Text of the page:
‘…..Biological systems are characteristically highly modular and parsimonious. / A far better account of complexity must therefore cover the entire interactome of an organism…..’ The need to address the modularity of living systems in order to fully apprehend them has been forcefully argued by Christof Koch (2012).

‘…….a promising approach to complexity centers on treating the complexity of a system as a correlate of system information content. ‘   See Ricard 2003; Szostak 2003; Hazen et al. 2007.

‘…..computer simulations and models have suggested that evolving systems do show a trend towards increasingly complex ‘design’ .    See Adami et al 2000; Tenaillon et al. 2007; Joshi et al. 2013

McShea and colleagues have proposed the ‘Zero-Force Evolutionary Law’……’     See Biology’s First Law . Daniel W. McShea and Robert N. Brandon , 2010 , Chicago University Press , Chicago, IL, USA; also Fleming & McShea 2013.

Such a masking / unmasking phenomenon has been termed evolutionary capacitance.’    See a recent interview (Masel 2013) for a background on such capacitance phenomena, and further references.

An interesting contribution to this question highlights the importance of an organism’s population size for the acquisition of complexity.’     See Lynch & Conery 2003; Lynch 2006.

In comparison with prokaryotes, eukaryotes (from single celled organisms to multicellular states) are typically larger in physical size……’     Exceptions exist where very large prokaryotes overlap in size with single-celled eukaryotes. In such cases, the giant prokaryotes are powered by multiple genome copies. On that theme, see Lane and Martin 2010.

In a large and rapidly replicating population, under specific circumstances a paralog gene copy arising from a duplication event ……has a significantly greater probability of being deleted….’     This requires more detail regarding gene duplication outcomes: Following a gene duplication event, a resulting paralog copy can acquire deleterious mutations and be lost, or rarely acquire advantageous mutations providing a positive selection (neofunctionalization). But another possible outcome is where deleterious mutations occur in both gene copies, such that both are required for the continuing fitness of the host organism. In such circumstances of subfunctionalization, the original functions of the single encoded gene product are thus distributed between the two duplicate copies.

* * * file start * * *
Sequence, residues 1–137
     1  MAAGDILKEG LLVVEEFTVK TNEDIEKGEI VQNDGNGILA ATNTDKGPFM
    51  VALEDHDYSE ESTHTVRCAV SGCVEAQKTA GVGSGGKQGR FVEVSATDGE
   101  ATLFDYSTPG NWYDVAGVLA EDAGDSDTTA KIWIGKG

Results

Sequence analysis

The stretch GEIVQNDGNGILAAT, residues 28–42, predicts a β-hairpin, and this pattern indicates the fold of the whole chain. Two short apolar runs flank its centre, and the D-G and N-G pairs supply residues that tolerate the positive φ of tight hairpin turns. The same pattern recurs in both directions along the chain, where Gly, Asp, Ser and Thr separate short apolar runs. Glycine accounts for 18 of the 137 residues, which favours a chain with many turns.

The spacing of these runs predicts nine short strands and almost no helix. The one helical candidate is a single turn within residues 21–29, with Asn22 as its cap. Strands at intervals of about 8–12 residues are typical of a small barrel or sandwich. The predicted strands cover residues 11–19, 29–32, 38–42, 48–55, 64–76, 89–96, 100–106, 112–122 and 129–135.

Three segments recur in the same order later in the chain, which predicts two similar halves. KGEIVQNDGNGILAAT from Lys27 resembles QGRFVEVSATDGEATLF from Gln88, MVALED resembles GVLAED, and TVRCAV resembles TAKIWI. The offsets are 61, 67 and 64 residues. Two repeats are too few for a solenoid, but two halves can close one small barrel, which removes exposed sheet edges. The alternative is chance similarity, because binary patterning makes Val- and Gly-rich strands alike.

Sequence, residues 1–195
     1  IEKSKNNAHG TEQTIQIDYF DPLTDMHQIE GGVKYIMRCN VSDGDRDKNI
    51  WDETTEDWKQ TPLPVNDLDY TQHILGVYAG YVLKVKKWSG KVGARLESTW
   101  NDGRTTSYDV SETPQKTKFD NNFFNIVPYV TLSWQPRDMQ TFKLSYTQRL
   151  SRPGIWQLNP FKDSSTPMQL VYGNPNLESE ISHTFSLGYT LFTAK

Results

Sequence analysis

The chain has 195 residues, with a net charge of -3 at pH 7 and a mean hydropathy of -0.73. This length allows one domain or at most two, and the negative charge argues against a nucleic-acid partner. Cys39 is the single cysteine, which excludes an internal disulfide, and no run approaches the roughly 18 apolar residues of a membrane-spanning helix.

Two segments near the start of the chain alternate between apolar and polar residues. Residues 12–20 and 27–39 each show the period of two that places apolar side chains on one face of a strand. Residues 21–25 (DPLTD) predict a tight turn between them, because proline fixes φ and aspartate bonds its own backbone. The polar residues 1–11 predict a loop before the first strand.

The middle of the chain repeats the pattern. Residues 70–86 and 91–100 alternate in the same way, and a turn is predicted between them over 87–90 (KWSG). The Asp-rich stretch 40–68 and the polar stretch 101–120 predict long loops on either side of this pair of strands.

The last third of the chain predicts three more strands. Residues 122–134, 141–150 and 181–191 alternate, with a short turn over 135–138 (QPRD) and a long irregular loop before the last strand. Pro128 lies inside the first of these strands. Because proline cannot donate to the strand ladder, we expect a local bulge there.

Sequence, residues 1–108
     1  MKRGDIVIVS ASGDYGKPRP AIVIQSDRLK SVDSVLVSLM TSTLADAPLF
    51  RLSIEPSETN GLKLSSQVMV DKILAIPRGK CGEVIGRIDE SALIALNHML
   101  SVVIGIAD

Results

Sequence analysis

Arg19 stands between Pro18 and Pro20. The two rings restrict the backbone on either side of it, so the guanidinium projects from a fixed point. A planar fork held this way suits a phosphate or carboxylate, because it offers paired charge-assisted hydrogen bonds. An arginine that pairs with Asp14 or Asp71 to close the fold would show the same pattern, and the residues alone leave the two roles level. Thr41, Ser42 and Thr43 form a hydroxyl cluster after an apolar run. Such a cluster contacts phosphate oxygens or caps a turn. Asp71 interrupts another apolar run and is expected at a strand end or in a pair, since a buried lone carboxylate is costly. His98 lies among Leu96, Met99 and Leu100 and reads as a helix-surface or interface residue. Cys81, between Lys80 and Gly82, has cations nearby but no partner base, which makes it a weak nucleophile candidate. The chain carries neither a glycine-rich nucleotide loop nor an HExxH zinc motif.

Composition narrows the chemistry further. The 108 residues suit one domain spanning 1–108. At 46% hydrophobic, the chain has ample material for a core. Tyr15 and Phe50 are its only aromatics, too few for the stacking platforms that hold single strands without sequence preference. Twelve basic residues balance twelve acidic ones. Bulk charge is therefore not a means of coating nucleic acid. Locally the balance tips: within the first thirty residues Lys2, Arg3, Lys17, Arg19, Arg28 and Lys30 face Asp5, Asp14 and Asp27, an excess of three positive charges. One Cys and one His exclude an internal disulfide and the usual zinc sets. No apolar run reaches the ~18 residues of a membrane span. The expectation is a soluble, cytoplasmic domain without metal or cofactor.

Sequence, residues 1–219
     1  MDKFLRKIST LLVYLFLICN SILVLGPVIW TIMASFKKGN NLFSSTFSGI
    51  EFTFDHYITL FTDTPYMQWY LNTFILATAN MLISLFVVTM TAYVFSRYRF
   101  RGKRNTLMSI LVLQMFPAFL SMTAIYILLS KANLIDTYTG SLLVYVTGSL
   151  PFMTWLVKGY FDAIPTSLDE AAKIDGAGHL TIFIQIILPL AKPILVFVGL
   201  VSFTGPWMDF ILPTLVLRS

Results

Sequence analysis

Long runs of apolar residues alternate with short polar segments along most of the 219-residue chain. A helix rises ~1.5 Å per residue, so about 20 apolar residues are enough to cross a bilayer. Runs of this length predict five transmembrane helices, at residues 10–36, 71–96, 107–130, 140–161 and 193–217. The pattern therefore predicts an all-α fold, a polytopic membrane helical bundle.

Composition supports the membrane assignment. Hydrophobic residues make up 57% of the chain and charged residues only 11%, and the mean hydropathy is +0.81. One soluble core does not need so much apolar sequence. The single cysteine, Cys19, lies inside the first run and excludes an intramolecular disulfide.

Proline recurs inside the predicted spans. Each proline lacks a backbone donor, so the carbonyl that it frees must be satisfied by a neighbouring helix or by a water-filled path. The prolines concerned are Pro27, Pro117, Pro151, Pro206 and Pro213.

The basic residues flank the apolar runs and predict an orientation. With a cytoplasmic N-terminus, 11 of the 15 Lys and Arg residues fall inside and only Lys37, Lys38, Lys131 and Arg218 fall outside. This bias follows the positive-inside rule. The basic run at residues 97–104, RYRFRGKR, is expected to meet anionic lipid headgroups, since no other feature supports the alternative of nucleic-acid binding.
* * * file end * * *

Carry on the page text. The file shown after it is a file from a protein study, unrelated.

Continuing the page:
Another significant point with respect to the population size argument of M. Lynch and colleagues is that selectable fixation of mutational variants will always be longer in large replicating populations than in small ones. Where subfunctionalization occurs after gene duplication, additional mutational changes can occur which completely inactivate one copy, a terminal loss of fitness. In a large population base, such events will act against the species-wide retention of gene subfunctionalization much more so than in small populations. The latter, therefore, are subject to relatively increased complexification as a result of the preservation of this type of gene duplication.

This ‘explosion’ of complexity in a relatively short period of geological time has long been pondered, although molecular phylogenetic data have suggested earlier origins of many phyla.’    See Jermiin et al. 2005 for some discussion of these themes.

‘….the first evolution of ‘good vision’ was an enabling factor for the rapid evolution…..’     See Zhao et al. 2013 for a recent study, and discussion of this notion.

Fitting a [complexity] ‘law’ into what is governed by environmental changes…..’     See Auerbach & Bongard 2014 for an in silico study of environmental effects on the evolution of complexity. They find environmental complexity and model organismal complexity are correlated, suggesting complexity may only be favored in certain biological niches.

Next Post: April.